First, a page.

Accra, April 19,
GNA - A Deputy Minister of Trade and Industry, Mr. Carlos Ahenkorah, says Ghana
a signatory to the WTO Trade Facilitation Agreement is too small a country to
have two Single Window operators.
He, has, therefore challenged the pioneer and only single window operator, Ghana Community Network Services Limited (GCNet) to speedily re-double its efforts in actualising the full breadth of Single Window operations in the country.
He recalled GCNet’s drive to automate trade facilitation and port clearance processes in the country and the difference that brought to trade and port operators.
He praised the Ghana Integrated Cargo Clearance Systems (GICCS) deployed by GCNet as efficient and robust enough to deliver on any valuation needs and address any bottlenecks in the overall clearance systems at the ports to deepen trade facilitation and enhance revenue mobilisation.
Mr Ahenkorah was speaking at a luncheon after the 61st Board Meeting and 16th Annual General Meeting of GCNet.
He noted that GCNet had taken too long in securing the manifest, the seed document in clearance processes at the ports from source, a situation that may have encouraged other operators to exploit the loophole to try to secure that right from the International Air Transport Association.
The Deputy Trade Minister, however, noted that if GCNet had connected Maersk Lines to transmit its manifest into the Ghana Customs Management System (GCMS) over the past three years then there was no way that it could not oblige other carriers to emulate that example and ensure that both air and sea manifest are transmitted expeditiously.
He also urged GRA (Customs Division) as the statutory body to assist GCNet to get all other carriers to do so with dispatch going forward.
Mr. Ahenkorah also charged GCNet to remain committed to their tenets of innovation and service delivery and work harder to expand the scope of its TradeNet Single Window platforms in order to ward off any superfluous and duplicitous competition.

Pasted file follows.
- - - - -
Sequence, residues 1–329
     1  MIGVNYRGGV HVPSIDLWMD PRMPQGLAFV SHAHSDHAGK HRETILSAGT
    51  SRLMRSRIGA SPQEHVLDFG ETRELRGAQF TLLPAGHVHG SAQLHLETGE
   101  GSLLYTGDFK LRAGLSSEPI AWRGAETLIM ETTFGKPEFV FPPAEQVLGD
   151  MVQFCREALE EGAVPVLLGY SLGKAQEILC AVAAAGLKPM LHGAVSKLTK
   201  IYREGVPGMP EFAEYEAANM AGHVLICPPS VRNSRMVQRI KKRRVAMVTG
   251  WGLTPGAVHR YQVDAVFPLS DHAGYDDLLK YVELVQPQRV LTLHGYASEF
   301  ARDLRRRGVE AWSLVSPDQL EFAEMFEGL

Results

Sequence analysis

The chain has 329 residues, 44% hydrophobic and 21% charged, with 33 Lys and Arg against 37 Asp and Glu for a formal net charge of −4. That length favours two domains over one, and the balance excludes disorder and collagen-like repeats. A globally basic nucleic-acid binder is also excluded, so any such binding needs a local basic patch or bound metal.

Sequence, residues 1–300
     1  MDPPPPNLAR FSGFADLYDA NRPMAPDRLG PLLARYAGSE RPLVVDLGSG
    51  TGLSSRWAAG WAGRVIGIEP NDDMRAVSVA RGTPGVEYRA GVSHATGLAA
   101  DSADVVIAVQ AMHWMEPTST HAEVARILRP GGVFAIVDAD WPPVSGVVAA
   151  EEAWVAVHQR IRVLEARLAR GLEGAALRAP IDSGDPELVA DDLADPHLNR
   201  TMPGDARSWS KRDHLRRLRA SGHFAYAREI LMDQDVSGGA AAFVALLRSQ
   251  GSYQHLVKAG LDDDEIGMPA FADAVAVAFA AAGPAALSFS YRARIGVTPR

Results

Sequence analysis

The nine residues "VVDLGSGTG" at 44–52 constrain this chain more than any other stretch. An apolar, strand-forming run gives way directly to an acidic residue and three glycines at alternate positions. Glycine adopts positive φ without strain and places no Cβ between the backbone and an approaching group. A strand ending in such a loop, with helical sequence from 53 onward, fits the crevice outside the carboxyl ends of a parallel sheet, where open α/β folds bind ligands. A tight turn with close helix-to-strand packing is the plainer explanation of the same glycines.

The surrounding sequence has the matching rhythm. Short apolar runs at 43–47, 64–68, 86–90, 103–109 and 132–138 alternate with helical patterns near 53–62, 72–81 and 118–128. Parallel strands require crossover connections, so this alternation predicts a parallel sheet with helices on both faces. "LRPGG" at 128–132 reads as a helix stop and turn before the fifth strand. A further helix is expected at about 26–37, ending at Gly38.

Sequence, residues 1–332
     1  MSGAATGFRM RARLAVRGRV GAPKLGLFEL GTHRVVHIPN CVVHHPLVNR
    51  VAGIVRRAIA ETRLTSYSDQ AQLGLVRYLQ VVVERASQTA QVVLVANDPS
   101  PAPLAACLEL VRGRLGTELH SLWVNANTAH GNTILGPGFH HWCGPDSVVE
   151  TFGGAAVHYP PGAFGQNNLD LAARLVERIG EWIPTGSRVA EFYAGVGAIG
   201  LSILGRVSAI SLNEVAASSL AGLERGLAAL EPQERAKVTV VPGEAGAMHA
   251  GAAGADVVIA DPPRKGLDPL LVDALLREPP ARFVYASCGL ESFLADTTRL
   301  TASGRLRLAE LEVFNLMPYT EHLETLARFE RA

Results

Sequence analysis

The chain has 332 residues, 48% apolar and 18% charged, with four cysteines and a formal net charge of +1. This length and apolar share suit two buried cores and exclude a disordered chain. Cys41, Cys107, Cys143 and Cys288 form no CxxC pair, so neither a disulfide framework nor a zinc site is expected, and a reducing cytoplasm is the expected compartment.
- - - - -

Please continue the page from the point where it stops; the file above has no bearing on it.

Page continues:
On his part, the Chief Executive Officer of the Ghana Shippers Authority, Dr. Kofi Mbiah, challenged Government to be bold to speedily resolve critical issues militating against the full actualisation of Single Window implementation in the country.
He said Ghana having been acknowledged as a pioneer in Single Window operations by international bodies like the World Bank and a number of countries having undertaking familiarization visits to Ghana to learn about the GCNet experience.
Dr. Mbiah noted that in as much as there was the need for collaboration between GCNet and other operators, it was also extremely important to define the parameters of engagement to create a level playing field for all players in the trade facilitation and revenue mobilisation eco-system.
Welcoming guests earlier to the event, the Executive Chairman of GCNet, Dr. Nortey Omaboe, noted that as a Public Private Partnership (PPP) conceived since its inception, the model over time had proved to be the most effective way of executing such a national mandate to support revenue mobilisation by Government, foster trade facilitation and enhance business competitiveness.
Dr. Omaboe observed that Government’s quest for increased revenue in an environment of reduced taxes to stimulate private sector growth meant greater focus on GCNet to come up with new initiatives to support revenue mobilisation efforts.
He, therefore, outlined a number of initiatives that GCNet had proposed to Government to enhance revenue mobilization.
These include the need to improve upon the valuation of consignments, the need to invoke bonds for transit goods that do not exit the country after 14 days and the review of the paltry charges currently imposed, ensuring that warehoused goods are ex-warehoused within the stipulated time periods.
Also, tighter control of free zone operations and the duty and tax exemptions granted thereon, the assignment of all newly registered taxpayers to relevant GRA Tax Offices and ensuring they file tax returns, etc.
Dr. Omaboe however expressed concerned about non-clarity in the role of some entrants in the trade facilitation and revenue mobilisation space following the cessation of the destination inspection companies and called for urgent steps to address the worrying development; and its inherent duplications and hence unnecessary cost to Government.
He was confident that what he termed ‘unnecessary complication’ would eventually be resolved mindful of the consideration that the interest of the country should remain paramount and be protected.
Dr. Omaboe assured guests that GCNet was poised for further growth and development in the years ahead as it leverages upon its continuous innovations in deploying systems that bring greater value to the Government and people of Ghana.